In July of 2011, then Code Compliance Director Joey Zapata asked me to chair a City task force to take on the job of pulling together a group of local animal welfare leaders to create a blue print to get Dallas to No Kill. The task force looked at what cities and towns around the country had done, and learned what had worked and what hadn’t. We undertook an extensive survey to see what resources, both private and public, were already available and in play.
On January 12, 2012, “A Strategy for Transforming Dallas into No Kill Community” was published. It was an aggressive 5-year plan that relied heavily on community involvement, education, spay/neuter, and community outreach.
Just this past week I was looking back at that plan, remember the ways things were then, and I couldn’t help but notice the first paragraph of the plan – the background. It reads, “By the end of calendar year 2010, the No More Homeless Pets of Dallas Coalition reported over twenty-two thousand (22,000) dogs and cats were killed in our community, euthanized because they were not adopted, redeemed, or otherwise rescued. Many of these innocent animals were healthy and well adjusted pets simply in need of a new home. For Fiscal Year 2010-2011 Dallas Animal Services reported killing 20,684 of the 28,392 dogs and cats received at its shelter, a staggering and unacceptable annual euthanasia rate exceeding 72%.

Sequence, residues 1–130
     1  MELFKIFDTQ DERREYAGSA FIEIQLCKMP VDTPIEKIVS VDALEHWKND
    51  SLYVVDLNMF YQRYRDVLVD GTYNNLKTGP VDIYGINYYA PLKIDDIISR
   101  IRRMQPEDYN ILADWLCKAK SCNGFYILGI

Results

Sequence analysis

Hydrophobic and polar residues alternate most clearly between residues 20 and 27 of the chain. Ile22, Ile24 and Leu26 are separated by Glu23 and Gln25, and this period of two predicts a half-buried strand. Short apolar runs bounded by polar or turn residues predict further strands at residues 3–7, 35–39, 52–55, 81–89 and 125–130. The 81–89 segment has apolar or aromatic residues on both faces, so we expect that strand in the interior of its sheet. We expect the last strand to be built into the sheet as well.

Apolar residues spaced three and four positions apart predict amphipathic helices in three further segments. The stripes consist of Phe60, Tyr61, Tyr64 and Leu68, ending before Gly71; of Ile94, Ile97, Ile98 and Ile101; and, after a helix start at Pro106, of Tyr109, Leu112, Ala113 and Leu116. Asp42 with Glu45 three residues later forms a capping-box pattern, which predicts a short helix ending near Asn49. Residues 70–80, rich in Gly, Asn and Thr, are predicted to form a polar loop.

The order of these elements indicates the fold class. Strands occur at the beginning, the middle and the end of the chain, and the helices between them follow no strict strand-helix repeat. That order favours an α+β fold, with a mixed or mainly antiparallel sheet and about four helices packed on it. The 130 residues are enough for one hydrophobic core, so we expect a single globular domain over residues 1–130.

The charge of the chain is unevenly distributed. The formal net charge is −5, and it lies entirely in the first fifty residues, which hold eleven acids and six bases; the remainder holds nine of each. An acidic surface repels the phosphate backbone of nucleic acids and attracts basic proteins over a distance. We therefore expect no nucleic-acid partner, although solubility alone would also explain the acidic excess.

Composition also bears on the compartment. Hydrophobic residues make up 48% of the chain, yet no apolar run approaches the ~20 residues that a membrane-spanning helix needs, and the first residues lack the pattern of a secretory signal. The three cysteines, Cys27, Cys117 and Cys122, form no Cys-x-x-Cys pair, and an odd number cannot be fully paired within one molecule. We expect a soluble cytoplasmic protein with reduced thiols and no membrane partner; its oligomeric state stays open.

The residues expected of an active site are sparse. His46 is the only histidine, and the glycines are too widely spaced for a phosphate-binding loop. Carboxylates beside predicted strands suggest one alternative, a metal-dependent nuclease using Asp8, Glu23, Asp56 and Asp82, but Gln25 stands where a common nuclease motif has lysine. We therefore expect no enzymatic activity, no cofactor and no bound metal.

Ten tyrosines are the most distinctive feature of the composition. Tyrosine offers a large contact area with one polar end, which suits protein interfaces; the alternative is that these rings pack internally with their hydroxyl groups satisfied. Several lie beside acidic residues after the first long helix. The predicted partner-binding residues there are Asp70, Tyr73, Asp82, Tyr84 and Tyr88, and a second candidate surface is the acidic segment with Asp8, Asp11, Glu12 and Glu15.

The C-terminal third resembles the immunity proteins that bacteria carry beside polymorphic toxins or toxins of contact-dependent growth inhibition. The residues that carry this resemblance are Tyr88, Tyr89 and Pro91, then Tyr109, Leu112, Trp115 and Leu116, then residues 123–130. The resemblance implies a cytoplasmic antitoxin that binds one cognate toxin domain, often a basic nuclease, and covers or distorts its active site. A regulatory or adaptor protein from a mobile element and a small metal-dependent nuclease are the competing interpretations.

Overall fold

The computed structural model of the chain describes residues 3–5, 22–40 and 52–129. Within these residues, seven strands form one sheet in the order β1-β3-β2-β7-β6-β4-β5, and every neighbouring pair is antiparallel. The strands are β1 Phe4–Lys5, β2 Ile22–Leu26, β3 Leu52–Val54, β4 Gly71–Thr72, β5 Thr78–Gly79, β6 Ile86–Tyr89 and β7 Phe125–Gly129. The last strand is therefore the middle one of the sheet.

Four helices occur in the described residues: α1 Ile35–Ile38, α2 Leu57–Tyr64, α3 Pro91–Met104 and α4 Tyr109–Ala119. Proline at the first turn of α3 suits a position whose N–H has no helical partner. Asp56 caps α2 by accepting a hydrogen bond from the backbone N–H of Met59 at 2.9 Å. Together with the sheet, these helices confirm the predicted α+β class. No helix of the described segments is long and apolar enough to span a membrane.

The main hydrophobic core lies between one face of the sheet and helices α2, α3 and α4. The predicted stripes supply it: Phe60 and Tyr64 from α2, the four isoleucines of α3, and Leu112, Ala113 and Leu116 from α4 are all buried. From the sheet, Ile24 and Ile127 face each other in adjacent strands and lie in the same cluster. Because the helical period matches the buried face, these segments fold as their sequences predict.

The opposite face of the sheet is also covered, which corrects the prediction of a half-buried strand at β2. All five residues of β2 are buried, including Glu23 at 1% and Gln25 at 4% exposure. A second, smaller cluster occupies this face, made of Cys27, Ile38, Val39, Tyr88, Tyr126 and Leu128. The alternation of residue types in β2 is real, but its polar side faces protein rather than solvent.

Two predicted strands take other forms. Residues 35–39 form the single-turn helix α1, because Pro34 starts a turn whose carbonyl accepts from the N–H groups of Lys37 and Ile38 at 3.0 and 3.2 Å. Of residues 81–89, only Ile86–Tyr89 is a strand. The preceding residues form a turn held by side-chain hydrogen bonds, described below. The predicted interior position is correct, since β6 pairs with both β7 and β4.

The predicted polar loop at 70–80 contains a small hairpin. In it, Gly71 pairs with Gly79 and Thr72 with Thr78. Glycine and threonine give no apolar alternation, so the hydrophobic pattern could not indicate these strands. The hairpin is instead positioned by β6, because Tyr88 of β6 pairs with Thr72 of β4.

So isn’t it ironic then, that just this past month, Dallas Animal Services set a record live release rate – the highest in their history – of just over 72%.
Have we reached our goals? No, not yet. Is everything going according to plan? No, but a lot is going according to plan. Are we making progress? To go from a 72% euthanasia rate to a 72% live release rate. Yes, yes, I’d say we were.
Congratulations to the DAS staff and management team, the City of Dallas, the community, the volunteers, the supporters, and ALL the partners, corporate and non-profit. This is a victory for the animals – and for all of us.
Let’s take time to be proud and to appreciate ourselves and each other. Together We Do It Better- it’s not just a hashtag.